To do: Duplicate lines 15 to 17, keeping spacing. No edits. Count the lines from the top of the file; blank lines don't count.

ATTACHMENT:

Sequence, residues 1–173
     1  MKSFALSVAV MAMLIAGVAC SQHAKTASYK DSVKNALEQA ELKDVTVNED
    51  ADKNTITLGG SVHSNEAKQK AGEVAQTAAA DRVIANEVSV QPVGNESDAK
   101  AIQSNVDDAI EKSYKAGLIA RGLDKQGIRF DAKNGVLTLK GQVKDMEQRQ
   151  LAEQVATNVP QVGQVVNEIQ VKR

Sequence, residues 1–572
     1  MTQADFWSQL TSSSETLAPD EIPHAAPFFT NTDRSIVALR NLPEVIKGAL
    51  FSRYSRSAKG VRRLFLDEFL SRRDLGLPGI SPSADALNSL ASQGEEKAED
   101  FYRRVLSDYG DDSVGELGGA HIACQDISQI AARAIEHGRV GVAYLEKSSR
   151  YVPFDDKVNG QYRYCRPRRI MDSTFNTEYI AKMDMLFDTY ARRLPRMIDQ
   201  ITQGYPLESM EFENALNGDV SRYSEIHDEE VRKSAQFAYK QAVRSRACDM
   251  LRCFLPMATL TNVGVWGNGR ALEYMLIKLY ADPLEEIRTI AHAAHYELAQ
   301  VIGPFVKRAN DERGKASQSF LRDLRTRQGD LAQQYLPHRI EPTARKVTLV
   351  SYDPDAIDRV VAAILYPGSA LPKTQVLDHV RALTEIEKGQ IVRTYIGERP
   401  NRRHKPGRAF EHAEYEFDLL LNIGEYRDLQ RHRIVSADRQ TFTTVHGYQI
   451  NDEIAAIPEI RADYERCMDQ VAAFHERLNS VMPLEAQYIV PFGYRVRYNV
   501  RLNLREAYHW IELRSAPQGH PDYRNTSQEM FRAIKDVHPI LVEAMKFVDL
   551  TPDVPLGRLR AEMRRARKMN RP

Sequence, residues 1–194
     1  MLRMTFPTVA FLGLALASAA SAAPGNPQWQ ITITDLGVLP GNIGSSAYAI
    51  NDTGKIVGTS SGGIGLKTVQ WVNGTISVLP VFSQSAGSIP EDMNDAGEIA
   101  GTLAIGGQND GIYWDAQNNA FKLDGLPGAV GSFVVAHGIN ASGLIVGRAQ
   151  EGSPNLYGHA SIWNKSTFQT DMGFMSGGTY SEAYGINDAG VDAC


   401  NRRHKPGRAF EHAEYEFDLL LNIGEYRDLQ RHRIVSADRQ TFTTVHGYQI
   451  NDEIAAIPEI RADYERCMDQ VAAFHERLNS VMPLEAQYIV PFGYRVRYNV
   501  RLNLREAYHW IELRSAPQGH PDYRNTSQEM FRAIKDVHPI LVEAMKFVDL